At P3, our primary focus has been on peak performance and injury prevention in U.S. professional power-based sports, including baseball, basketball, football, volleyball and soccer. Power is directly proportional to distance and force, but indirectly proportional to time. Its development is paramount, regardless of the specific sport and percentage of each energy system involved, because many critical movements are executed as forcefully and quickly as possible. Even intermittent sports of long continuous duration, such as basketball, soccer and rugby, involve repeated explosions. Although these explosive movements are a major component of sports, a significant part of many athlete’s conditioning has long consisted of distance running, an event that clearly does not simulate or directly prepare an individual for powerful actions such as sprinting or jumping. There are many reasons for this, including the fact that coaches are often inclined to accept the same modes of training they used as players years ago, to the belief that an aerobic or metabolic base is required for sport, and that the optimal method of developing this base is through slow, long-duration exercise.
In 2007, Dr. Marcus Elliott and P3 sports scientists wrote an academic paper titled, Power athletes and distance training a physiological and biomechanical rationale for change, which showed unequivocal drawbacks to distance training for power athletes, including inappropriate neuromuscular adaptations, a catabolic hormonal profile, an increased risk for overtraining and an ineffective motor learning environment.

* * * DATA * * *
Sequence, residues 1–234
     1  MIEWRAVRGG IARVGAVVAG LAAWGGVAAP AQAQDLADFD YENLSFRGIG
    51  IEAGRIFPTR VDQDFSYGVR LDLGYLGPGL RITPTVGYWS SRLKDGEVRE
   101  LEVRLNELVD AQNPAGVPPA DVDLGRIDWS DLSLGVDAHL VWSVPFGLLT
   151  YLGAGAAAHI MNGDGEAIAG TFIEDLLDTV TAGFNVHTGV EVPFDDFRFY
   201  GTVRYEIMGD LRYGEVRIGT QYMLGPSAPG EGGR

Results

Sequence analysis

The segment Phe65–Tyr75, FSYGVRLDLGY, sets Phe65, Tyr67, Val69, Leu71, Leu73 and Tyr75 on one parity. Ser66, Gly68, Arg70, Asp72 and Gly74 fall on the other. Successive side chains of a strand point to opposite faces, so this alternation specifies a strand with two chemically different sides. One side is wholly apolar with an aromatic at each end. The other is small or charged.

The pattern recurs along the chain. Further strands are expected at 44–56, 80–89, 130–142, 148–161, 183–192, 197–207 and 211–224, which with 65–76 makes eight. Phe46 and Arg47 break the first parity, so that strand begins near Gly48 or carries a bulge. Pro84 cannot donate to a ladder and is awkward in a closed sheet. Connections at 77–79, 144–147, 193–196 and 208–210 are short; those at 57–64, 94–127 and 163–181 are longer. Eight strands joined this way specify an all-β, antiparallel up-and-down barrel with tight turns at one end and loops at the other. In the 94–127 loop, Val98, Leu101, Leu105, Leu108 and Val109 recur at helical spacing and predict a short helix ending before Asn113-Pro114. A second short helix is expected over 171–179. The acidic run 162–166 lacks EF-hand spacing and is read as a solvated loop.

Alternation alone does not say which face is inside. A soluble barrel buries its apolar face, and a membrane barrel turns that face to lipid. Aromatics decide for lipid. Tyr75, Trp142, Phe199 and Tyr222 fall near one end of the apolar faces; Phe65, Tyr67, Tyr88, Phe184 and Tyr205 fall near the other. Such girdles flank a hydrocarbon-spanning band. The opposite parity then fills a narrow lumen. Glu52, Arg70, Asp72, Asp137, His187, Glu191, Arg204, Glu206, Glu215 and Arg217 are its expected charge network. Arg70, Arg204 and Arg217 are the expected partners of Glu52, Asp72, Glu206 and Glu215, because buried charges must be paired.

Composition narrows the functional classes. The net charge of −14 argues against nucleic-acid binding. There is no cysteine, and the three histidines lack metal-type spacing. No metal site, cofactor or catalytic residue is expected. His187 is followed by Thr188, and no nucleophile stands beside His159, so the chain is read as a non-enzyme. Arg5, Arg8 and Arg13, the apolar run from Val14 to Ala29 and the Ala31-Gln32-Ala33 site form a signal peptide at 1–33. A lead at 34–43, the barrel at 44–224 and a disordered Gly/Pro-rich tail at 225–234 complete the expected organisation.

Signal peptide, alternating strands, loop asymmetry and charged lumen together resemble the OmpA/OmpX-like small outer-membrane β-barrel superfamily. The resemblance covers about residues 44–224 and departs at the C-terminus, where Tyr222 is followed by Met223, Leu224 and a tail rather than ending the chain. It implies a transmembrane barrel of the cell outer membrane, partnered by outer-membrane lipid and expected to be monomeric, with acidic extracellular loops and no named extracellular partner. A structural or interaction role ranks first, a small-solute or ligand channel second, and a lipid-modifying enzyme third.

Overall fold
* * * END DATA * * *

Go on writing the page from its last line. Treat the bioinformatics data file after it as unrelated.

Despite the fact that the science of strength and conditioning is no longer in its infancy and considerable evidence exists showing interference of strength and power gains in athletes who concurrently train aerobically, (2-4) power athletes continue to practice sustained aerobic exercise at all levels.
The following is a brief overview of energy systems, and specific guidelines for improving both aerobic and anaerobic energy systems without negatively affecting power development and movement patterns.
Human energy is ultimately the end result of our body’s ability to process the foods we eat and adapt to the physical demands it is conditioned under. Our ability to work, to exercise, and to perform the day to day tasks that we hold as necessary requires our bodies ability to employ three separate energy systems each suited best for specific performance demands. ATP (Adenosine triphosphate) is the human body’s main source of energy at the cellular level. It is required for all muscle contraction and is employed by the two part anabolic system and the aerobic system to engage in any activity. All three systems can work concurrently, however, in different training and sporting environments, under varying energy demands, and over various amounts of time, one energy system will predominate to meet the peak performance demands of the athlete.
The anaerobic energy systems are comprised of two divisions, the alactic and lactic. Alactic sports include football and baseball, which both involve brief intermittent tasks involving very large power outputs. The predominant energy source for these sports is the phosphocreatine (PCr) system. Lactic sports, such as basketball and soccer, involve repetitive high intensity activity. Both the PCr/adenosine triphosphate (ATP) and glycogen/glucose systems predominantly provide energy for these sports.